SET A SLEEP ALARM I know captain obvious here, telling you to get more sleep, but this one really works. One of the main causes for tardiness stems from a lack of sleep. The habit filters though your whole day as well, because a lack of energy effects everything you do. If your mind is slow, distracted, and unfocused, your body responds with reduced acuity. A good habit that I discovered this week was setting a sleep alarm that tells me when it’s time to shut it down. At 11:45, my phone rings and literally says, ‘Shut it Down’. Because I know I need 8-10 hours of sleep to be totally functional, the alarm is set to go off every night at the same time. Before the alarm I found myself easily distracted by emails, Instagram and a Sopranos marathon that kept me up as late as 2am. I’d wake up and hit the alarm multiple times and roll out at the last minute. Without a conscious plan for how many hours of sleep I need, my mornings felt tortured, and my days sluggish. The sleep alarm really saves me from myself and creates a parameter for being responsible. With plenty of sleep,  I have one less excuse for being late.

 

PLAN YOUR DAY THE NIGHT BEFORE This is a pro organizer trick that anyone can a implement with little effort. Because I am not a morning person, this habit is key to my confidence about the day ahead. Every night before going to sleep, I create a plan for the following day. A to do list helps me feel in control, rather than anxious about all I have to do. Thinking about what I need the following day, also helps avoid early morning stress. The simple acts of prepping breakfast and making my lunch are two ways I make myself feel more prepared and less anxious in the morning. I also like to think about the supplies I will need and make sure I’m packed so last minute scrambling is a thing of the past.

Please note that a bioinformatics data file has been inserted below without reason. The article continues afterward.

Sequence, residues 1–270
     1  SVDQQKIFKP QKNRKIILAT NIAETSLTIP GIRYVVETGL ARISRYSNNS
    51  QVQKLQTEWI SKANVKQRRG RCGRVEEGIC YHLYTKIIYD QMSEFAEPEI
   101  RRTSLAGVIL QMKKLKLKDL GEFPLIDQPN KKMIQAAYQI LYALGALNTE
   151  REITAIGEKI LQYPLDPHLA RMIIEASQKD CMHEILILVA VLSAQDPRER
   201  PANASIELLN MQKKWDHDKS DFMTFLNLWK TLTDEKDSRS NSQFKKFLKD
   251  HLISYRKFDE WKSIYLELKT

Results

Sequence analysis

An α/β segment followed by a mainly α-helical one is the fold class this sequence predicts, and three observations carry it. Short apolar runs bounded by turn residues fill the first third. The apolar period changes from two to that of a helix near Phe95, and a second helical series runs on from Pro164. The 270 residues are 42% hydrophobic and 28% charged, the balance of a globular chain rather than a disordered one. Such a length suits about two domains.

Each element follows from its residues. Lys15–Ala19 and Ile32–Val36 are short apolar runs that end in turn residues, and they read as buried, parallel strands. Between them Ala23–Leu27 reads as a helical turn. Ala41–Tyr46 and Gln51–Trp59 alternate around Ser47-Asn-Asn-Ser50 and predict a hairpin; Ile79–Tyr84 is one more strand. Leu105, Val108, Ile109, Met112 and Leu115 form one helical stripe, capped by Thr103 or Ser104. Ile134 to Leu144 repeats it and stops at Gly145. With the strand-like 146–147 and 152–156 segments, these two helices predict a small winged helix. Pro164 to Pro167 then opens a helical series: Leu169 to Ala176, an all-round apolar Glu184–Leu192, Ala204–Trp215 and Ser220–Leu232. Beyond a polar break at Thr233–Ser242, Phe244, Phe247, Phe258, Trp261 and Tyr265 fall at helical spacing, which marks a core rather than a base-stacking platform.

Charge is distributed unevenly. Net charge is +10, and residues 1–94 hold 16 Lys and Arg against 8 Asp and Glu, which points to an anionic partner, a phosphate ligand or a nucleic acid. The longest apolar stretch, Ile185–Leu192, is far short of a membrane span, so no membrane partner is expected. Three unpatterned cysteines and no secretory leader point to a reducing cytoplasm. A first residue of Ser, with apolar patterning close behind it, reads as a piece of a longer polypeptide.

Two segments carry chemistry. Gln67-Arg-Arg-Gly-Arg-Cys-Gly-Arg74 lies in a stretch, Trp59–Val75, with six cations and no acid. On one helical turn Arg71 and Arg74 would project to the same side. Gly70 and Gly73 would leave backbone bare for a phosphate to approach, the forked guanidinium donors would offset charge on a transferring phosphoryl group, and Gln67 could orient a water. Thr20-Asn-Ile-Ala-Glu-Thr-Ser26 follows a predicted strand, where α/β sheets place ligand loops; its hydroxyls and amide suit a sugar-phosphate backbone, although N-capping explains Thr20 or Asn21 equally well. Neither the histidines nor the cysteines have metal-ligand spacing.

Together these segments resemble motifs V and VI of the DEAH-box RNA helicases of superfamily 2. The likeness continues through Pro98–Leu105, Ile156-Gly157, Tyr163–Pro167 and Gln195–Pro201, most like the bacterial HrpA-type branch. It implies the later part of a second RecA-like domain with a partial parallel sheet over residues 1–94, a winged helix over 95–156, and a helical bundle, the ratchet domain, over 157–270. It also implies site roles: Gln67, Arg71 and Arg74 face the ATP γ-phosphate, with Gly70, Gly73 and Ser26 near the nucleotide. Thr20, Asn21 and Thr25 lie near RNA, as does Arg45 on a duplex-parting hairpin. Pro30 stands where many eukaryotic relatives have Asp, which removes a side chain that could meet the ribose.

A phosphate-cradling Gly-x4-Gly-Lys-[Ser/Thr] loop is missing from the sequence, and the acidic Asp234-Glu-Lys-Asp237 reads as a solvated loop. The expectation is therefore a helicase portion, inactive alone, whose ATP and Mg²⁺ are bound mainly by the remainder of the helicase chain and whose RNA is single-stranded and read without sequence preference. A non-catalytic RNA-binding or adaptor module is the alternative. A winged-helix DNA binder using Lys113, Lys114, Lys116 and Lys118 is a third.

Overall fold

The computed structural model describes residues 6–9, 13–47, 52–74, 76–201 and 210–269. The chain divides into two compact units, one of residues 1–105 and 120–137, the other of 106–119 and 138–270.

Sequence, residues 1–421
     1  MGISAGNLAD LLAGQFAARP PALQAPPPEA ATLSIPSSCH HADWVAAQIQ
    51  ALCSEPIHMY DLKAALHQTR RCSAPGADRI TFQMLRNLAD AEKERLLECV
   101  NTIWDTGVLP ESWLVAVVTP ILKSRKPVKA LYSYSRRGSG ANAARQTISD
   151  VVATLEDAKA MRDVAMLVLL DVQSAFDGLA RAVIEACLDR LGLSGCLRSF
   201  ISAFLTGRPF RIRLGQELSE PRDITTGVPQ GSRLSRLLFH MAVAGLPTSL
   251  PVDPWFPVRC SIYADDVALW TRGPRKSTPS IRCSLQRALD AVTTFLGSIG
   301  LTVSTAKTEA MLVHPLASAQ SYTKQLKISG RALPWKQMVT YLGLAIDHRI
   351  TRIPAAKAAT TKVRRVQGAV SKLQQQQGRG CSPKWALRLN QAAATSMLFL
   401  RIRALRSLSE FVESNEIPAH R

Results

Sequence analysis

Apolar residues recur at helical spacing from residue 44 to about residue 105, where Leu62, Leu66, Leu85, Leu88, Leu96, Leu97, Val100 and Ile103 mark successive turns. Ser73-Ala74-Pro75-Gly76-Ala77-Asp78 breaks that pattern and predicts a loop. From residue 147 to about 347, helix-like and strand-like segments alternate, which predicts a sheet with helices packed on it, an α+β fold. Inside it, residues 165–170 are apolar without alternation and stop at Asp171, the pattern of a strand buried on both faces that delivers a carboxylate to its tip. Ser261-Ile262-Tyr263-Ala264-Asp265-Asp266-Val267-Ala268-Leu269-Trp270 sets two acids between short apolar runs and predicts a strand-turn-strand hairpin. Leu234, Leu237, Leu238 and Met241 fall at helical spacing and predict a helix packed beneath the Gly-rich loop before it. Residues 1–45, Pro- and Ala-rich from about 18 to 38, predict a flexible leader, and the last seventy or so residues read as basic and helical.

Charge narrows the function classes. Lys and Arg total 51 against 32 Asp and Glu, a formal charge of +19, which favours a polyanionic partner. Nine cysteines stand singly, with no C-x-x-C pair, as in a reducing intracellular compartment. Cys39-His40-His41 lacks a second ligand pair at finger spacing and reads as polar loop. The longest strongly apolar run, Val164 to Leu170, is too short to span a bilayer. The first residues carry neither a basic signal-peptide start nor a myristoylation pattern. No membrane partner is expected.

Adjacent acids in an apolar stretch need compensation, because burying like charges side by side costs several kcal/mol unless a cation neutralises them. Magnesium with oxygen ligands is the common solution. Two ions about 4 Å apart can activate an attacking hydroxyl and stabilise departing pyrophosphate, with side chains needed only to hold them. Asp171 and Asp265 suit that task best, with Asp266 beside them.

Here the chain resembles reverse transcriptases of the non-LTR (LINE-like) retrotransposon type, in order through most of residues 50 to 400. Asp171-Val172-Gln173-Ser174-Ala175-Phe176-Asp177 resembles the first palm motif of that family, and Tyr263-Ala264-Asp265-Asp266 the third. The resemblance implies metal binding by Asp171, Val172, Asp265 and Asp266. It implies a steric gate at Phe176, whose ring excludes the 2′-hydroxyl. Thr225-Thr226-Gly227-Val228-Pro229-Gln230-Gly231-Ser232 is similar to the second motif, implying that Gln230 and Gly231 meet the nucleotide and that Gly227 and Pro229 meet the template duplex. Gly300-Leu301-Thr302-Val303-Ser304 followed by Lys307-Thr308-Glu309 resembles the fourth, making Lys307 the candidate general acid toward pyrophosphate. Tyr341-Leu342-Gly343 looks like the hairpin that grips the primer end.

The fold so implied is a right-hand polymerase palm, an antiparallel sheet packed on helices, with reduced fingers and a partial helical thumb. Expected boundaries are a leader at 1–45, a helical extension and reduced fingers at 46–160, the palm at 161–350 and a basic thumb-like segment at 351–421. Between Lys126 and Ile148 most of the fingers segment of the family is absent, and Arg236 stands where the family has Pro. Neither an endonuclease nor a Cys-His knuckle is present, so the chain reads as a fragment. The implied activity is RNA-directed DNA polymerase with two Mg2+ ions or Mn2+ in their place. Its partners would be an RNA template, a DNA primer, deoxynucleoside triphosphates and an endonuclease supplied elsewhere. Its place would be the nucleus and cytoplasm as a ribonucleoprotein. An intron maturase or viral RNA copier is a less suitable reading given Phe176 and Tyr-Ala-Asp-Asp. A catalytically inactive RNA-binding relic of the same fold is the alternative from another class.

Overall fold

PUT YOUR ALARM OUT OF REACH This tip comes from etiquette expert Diane Gottsman. While doing research on this topic, I stumbled upon this article from Real Simple Magazine. It’s a very simple tweak to your daily routine, but “Physically moving out of bed to turn your alarm off is a surefire way to get out of bed – and not crawl back in.”

 

When you live in a huge metropolis like LA, traffic, accidents, unreliable GPS systems, and primping spouses can contribute to that perpetual cycle of tardiness. When excuses abound, it is very easy for tardiness to become a habit. Many of us have come to accept and expect this bad behavior. But most of us really hate when others are late. The truth is, it is incredibly rude and disrespectful  to show up late, even when you have an excuse. I’m sorry if I am hitting you with a truth bomb here, but I have had to learn this myself, because I am not guilt free in this area. I am really ashamed to admit that I showed up half an hour late to my Esthetician last week, for the second time. As a professional organizer, I know this is an unacceptable habit. Thankfully, I am now making a conscious effort to respect myself and others with a few tricks up my sleeve.

 

Obviously I don’t expect you to implement all of these strategies at once. And I should note, that arriving early don’t mean you need to go in early. It’s equally as rude to make someone else feel pressured to accommodate you. As Jeff said, when you start arriving early, use this new habit to your advantage. Bring a book to read, clean out your car, work on your to-do list, close your eyes and do a meditation, pray, grab a coffee or go for walk. Remember that good habits make a good life, and more you take ownership of your habits, the easier life becomes.

 

Because we all know someone like the White Rabbit who’s always running late, let’s take this opportunity to learn a few tricks and avoid the rabbit hole.